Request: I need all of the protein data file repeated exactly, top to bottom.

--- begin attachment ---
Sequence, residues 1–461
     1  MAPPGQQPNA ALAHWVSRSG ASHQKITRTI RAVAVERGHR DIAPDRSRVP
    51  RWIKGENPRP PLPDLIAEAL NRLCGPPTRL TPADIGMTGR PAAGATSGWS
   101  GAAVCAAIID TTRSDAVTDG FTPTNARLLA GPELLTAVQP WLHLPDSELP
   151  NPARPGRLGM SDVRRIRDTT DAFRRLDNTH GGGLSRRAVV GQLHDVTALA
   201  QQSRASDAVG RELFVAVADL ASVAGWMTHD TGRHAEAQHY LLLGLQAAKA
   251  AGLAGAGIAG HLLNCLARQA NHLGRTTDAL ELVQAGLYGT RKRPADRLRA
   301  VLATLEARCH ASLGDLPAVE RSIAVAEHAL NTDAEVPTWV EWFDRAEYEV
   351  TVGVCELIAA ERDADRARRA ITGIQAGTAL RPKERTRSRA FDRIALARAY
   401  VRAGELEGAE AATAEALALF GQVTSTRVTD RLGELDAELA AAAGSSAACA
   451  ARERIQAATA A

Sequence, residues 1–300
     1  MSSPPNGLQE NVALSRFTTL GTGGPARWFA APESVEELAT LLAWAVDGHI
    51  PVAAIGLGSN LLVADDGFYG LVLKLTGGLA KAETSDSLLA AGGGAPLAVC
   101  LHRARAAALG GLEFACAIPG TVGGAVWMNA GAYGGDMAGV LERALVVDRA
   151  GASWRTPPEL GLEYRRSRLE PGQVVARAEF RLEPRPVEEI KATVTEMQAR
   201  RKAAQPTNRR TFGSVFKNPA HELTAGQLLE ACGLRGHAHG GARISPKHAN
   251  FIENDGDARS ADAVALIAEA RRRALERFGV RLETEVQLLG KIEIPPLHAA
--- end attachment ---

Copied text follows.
Sequence, residues 1–461
     1  MAPPGQQPNA ALAHWVSRSG ASHQKITRTI RAVAVERGHR DIAPDRSRVP
    51  RWIKGENPRP PLPDLIAEAL NRLCGPPTRL TPADIGMTGR PAAGATSGWS
   101  GAAVCAAIID TTRSDAVTDG FTPTNARLLA GPELLTAVQP WLHLPDSELP
   151  NPARPGRLGM SDVRRIRDTT DAFRRLDNTH GGGLSRRAVV GQLHDVTALA
   201  QQSRASDAVG RELFVAVADL ASVAGWMTHD TGRHAEAQHY LLLGLQAAKA
   251  AGLAGAGIAG HLLNCLARQA NHLGRTTDAL ELVQAGLYGT RKRPADRLRA
   301  VLATLEARCH ASLGDLPAVE RSIAVAEHAL NTDAEVPTWV EWFDRAEYEV
   351  TVGVCELIAA ERDADRARRA ITGIQAGTAL RPKERTRSRA FDRIALARAY
   401  VRAGELEGAE AATAEALALF GQVTSTRVTD RLGELDAELA AAAGSSAACA
   451  ARERIQAATA A

Sequence, residues 1–300
     1  MSSPPNGLQE NVALSRFTTL GTGGPARWFA APESVEELAT LLAWAVDGHI
    51  PVAAIGLGSN LLVADDGFYG LVLKLTGGLA KAETSDSLLA AGGGAPLAVC
   101  LHRARAAALG GLEFACAIPG TVGGAVWMNA GAYGGDMAGV LERALVVDRA
   151  GASWRTPPEL GLEYRRSRLE PGQVVARAEF RLEPRPVEEI KATVTEMQAR
   201  RKAAQPTNRR TFGSVFKNPA HELTAGQLLE ACGLRGHAHG GARISPKHAN
   251  FIENDGDARS ADAVALIAEA RRRALERFGV RLETEVQLLG KIEIPPLHAA